Back pain exercise sheet. - Versus Arthritis

The best way to prevent back pain is to regularly exercise the back. It is recommended that you do back strengthening and stretching exercises at least 2 or 3.


Part of the document

Back pain
Staying active is the most important thing you

can do to recover from back pain. Try to carry on

with your daily activities, as resting too much could
cause the pain to get worse. This sheet includes

some exercises you can do to reduce your back
pain, and they'll also help improve the strength and
flexibility of your back.
Your back pain should start to ease after two weeks,
and will usually pass after four to six weeks. You may
not need to see anyone, but if the pain doesn't get
better in a few weeks, or if you have severe pain

while doing the exercises below, make an appointment
with your GP or physiotherapist. You can also speak

to a pharmacist. Get advice from a healthcare professional if you:

have problems with your bladder or bowel -
the organs which control pee and poo


have pins and needles

feel generally unwell.
If doing exercises at home by yourself doesn't help your
symptoms, physiotherapy could be a good option, as
you can get advice and exercises that are more tailored
to you. It's a good idea to carry on exercising once your
back pain has got better, as this can reduce the chances
of it coming back. Swimming, walking, yoga and Pilates
are helpful exercises for your back. Try to pick an
exercise you enjoy doing, as this will help you stick to it.
Many people find the following exercises helpful. If you
need to, adjust the position so that it's comfortable.
Try to do these exercises regularly. Do each one a few
times to start with, to get used to them, and gradually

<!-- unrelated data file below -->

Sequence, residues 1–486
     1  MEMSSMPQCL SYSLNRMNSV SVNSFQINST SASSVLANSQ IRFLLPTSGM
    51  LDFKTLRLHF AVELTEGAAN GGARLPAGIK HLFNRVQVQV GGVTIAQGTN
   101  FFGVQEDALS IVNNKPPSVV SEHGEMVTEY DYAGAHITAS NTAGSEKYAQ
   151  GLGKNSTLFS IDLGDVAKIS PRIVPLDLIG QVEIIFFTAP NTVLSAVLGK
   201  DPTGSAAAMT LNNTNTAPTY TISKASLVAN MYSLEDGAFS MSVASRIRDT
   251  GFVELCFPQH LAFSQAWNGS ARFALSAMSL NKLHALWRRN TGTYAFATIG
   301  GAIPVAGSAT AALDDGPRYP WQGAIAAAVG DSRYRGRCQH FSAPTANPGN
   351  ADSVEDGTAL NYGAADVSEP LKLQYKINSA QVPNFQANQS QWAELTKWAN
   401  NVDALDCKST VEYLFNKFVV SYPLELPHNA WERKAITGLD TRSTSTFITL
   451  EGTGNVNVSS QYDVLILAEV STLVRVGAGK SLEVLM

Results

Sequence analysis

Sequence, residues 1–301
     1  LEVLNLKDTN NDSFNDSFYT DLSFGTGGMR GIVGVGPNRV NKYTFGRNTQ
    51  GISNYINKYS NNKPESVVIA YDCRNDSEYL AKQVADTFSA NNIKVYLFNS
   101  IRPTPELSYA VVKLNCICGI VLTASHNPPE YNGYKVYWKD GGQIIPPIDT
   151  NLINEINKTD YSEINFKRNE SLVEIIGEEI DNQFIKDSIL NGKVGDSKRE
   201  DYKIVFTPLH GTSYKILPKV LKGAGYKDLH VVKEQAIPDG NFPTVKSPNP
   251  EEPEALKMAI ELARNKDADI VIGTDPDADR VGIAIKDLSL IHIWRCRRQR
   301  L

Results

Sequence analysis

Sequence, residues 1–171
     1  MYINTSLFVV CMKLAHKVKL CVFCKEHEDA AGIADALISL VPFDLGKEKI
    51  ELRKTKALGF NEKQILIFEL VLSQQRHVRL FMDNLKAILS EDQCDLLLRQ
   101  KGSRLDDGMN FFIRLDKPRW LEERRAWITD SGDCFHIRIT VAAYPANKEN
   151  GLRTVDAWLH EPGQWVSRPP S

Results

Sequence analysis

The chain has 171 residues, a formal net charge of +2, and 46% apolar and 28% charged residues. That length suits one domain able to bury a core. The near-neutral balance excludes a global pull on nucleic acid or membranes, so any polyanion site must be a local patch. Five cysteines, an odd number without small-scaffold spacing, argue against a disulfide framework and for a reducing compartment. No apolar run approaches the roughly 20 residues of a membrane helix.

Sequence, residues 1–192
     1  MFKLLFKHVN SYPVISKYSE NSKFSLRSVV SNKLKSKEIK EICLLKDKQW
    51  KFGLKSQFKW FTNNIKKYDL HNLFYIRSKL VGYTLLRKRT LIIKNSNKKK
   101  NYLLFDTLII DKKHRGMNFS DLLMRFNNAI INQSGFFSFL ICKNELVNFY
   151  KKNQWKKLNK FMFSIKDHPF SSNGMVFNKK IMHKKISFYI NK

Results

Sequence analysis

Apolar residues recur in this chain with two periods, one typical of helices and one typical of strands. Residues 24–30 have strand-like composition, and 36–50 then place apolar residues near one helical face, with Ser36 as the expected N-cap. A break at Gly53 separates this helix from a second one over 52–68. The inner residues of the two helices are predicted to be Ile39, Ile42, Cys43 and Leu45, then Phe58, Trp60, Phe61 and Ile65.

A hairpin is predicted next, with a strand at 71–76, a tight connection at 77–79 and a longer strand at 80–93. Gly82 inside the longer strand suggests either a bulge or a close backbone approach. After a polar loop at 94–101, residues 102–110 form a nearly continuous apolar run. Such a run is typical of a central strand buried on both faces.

increase how much you do.
1. Knees to chest
Lie on your back, with your knees bent and feet flat

on the floor or bed. Bring one knee up and use your
hands to pull it gently towards your chest. Hold the

leg in position for five seconds, and then relax.

Repeat this exercise with the other knee. Do the
exercise five times on each side.
2. Deep lunge
Kneel on your right knee. Put your left leg in front of
you, with your left foot on the floor. Facing forwards,
lift your back knee up. Hold for five seconds. Repeat
three times, then swap legs.Information and exercise sheet12
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3. Half push-ups

Lie on your front, with your forearms flat on the bed or
floor, and your elbows bent at your sides. Look down
and keep your neck straight. Slowly push down on
your hands and arch your back up, keeping your hips
on the floor or bed. You should feel a stretch in your
tummy muscles. Hold this for 5 to 10 seconds, then
go back to the starting position. Gradually build up so
that you're able to repeat this exercise 10 times. If you
struggle to fully straighten your arms, start by arching
your back halfway and resting on your elbows.
4. Knee rolls

Lie on your back, with your knees bent and your feet
together. Roll your knees to one side, keeping your
shoulders flat on the bed or floor, and hold for 10
seconds. Roll your knees back to the starting position,
and then over to the other side and repeat. Do this
exercise three times on each side.
5. Arching and hollowing

Get onto your hands and knees, making sure your
hands are under your shoulders and your knees are
under your hips. Arch your back upwards and let your
head drop down. Hold this position for five seconds.
Go back to the starting position, and then slowly lift
your head up while relaxing your tummy and sticking
your bottom out. Hold this position for five seconds,
then repeat the move five times.